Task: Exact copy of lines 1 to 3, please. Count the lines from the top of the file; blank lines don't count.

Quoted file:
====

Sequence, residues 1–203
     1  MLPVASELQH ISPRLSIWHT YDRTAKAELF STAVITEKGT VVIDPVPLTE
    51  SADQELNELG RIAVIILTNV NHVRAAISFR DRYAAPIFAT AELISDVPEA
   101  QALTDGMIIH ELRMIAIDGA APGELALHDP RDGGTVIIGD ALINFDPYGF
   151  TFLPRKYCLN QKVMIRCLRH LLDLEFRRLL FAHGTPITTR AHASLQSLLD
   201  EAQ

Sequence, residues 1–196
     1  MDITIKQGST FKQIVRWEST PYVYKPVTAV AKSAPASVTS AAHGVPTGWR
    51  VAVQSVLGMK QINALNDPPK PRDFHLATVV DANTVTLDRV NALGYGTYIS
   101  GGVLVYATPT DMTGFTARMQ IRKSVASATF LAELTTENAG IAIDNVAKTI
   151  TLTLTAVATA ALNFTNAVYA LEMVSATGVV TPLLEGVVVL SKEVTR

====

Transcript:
Sequence, residues 1–203
     1  MLPVASELQH ISPRLSIWHT YDRTAKAELF STAVITEKGT VVIDPVPLTE
    51  SADQELNELG RIAVIILTNV NHVRAAISFR DRYAAPIFAT AELISDVPEA